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I'll Never Do That Again!

Monday, December 20, 2010   (1 Comments)
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by William Dorman CMC

The first referral I received from IMC USA, c.1990, was from a medium-size printing plant outside of Philadelphia. The CEO needed a consultant who could help them assess their operation and recommend upgrades from letterpress printing to offset printing and digital color scanners. At the time I was considered an industry expert in such matters. Piece of cake, right?

I telephoned and made a visit to do the study. After our meeting to finalize the study scope and outcomes, I was about to leave and start work when the CEO asked me to "check up on his brother”. As it turns out he and his brother – who owned half of the business and was in charge of order fulfillment – were not on speaking terms. This had been going on for over a year! The CEO said that shipments were slipping. He believed his brother may have been sabotaging the business with the hope of discrediting his leadership as CEO and "trying to get the Board of Directors to appoint him as CEO”. (The Board was made up of two other family members and two outsiders.)

The CEO went on to say that his brother was wasting time and money by not taking a real interest in the company. He wanted "solid evidence” so that he could convince the Board to get him out. However, he didn’t want his brother to know that I was assessing him. The CEO said that I would be paid very well for this information in addition to the study fee.

To say the least, this was an extraordinary request and clearly outside the scope of what I planned to do and, in my view, was not ethical to undertake this "clandestine” effort.

What would you do?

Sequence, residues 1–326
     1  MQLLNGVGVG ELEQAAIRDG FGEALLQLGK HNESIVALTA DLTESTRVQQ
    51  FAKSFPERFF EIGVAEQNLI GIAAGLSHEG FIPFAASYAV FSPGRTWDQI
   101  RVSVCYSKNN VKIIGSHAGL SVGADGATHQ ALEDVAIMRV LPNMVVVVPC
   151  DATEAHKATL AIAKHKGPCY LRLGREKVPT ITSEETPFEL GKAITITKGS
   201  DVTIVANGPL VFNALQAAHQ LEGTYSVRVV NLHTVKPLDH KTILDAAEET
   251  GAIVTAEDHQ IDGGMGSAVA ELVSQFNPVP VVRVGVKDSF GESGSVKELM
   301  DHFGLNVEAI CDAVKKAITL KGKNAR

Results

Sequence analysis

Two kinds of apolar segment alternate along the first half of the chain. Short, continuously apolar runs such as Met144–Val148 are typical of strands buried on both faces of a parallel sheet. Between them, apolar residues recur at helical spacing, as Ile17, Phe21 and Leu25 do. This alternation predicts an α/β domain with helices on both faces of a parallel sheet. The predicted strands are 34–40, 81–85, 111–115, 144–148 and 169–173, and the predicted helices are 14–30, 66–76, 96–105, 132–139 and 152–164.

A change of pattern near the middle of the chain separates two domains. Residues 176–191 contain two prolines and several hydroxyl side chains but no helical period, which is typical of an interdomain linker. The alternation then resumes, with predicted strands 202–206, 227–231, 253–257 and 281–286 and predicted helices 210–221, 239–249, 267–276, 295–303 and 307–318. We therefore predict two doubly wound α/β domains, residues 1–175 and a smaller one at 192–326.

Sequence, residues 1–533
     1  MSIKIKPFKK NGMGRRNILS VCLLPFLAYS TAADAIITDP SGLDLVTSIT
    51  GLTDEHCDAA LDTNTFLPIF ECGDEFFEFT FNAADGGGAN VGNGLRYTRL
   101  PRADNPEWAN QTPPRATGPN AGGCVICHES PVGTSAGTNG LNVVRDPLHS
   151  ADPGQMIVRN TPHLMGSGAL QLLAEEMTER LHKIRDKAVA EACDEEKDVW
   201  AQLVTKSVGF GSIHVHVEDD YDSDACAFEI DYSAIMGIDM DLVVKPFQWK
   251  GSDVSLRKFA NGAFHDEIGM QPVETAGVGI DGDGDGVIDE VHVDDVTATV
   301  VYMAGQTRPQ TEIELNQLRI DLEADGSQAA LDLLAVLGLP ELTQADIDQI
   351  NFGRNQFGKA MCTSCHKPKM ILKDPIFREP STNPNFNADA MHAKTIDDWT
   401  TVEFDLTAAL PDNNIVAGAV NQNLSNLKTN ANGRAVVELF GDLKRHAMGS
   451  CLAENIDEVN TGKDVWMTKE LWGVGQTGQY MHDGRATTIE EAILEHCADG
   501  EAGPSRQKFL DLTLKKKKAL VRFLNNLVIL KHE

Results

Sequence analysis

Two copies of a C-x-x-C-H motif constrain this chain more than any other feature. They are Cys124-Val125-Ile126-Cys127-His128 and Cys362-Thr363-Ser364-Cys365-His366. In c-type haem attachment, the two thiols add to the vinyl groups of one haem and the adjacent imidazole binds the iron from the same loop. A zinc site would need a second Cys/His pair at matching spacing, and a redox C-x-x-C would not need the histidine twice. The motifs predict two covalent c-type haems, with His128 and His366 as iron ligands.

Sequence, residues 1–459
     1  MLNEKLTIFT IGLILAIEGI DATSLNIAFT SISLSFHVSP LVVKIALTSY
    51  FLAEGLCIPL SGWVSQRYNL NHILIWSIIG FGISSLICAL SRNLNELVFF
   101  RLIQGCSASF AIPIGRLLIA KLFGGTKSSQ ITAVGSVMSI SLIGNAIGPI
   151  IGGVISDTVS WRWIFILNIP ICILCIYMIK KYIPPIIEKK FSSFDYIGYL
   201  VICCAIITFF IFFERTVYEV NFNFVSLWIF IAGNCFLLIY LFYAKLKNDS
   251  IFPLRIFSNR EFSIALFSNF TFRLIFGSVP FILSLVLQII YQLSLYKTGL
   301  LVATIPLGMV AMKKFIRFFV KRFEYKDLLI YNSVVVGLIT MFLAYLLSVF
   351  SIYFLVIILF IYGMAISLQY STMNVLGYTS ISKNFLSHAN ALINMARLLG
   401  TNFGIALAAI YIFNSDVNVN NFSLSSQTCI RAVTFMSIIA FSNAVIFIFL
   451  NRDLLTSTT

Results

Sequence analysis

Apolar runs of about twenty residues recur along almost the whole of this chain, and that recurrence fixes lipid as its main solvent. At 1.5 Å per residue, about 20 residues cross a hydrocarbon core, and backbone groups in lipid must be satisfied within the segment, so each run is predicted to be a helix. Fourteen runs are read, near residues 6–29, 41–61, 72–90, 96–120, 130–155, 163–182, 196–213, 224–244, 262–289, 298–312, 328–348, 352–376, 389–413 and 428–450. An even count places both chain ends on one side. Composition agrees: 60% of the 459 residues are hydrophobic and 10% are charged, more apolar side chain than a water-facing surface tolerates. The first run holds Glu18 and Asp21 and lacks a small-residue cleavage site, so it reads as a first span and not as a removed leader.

1. Take the job including "assessing” the brother since it paid well even though the CEO was not being aboveboard.

2. Take the job of assessing current operations and new hardware requirements but refuse to provide information about his brother except information specifically related to the assessment.

3. Refuse the job and recommend that the CEO solve the problem with his brother first since any improvements or upgrades would not necessarily enhance the company’s long term sustainability until the discord was resolved.

4. Something else? (Please explain.)

Comment below and let’s see how many consultants agree on a course of action.

Comments...

Carl O. Rowe CMC says...
Posted Wednesday, December 22, 2010
I don't see how the decision could be anything other than #3. The job is already tainted and regardless of how assiduously the consultant might conduct himself, he would have no control over how his resulting report would be "spun" by the feuding brothers. That having been said, however, the real issue here is the fact that a prospective client has committed an ethical lapse. Ethical lapses are not situational; they go to the core of a person's character. So, unless the consultant is a qualified shrink and gets agreement from the client to work on the client's integrity issues, instead of a company assessment, the consultant has no choice but to walk away -- quickly.

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